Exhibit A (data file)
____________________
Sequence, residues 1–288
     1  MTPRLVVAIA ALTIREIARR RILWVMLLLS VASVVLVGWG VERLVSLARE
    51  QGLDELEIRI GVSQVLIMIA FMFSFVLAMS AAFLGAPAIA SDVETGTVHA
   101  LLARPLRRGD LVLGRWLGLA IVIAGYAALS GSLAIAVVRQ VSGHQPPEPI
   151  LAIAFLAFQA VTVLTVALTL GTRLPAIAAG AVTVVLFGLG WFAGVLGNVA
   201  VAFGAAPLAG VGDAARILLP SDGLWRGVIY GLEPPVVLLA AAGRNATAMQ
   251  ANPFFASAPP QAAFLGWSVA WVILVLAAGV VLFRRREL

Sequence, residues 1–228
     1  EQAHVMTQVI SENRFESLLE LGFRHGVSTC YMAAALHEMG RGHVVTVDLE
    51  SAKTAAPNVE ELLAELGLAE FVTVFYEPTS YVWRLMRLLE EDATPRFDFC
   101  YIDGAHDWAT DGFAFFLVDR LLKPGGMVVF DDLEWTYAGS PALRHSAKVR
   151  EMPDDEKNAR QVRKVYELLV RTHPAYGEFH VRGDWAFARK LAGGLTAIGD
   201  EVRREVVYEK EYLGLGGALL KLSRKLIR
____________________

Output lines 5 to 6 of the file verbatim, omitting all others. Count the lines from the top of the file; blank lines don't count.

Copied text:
   151  LAIAFLAFQA VTVLTVALTL GTRLPAIAAG AVTVVLFGLG WFAGVLGNVA
   201  VAFGAAPLAG VGDAARILLP SDGLWRGVIY GLEPPVVLLA AAGRNATAMQ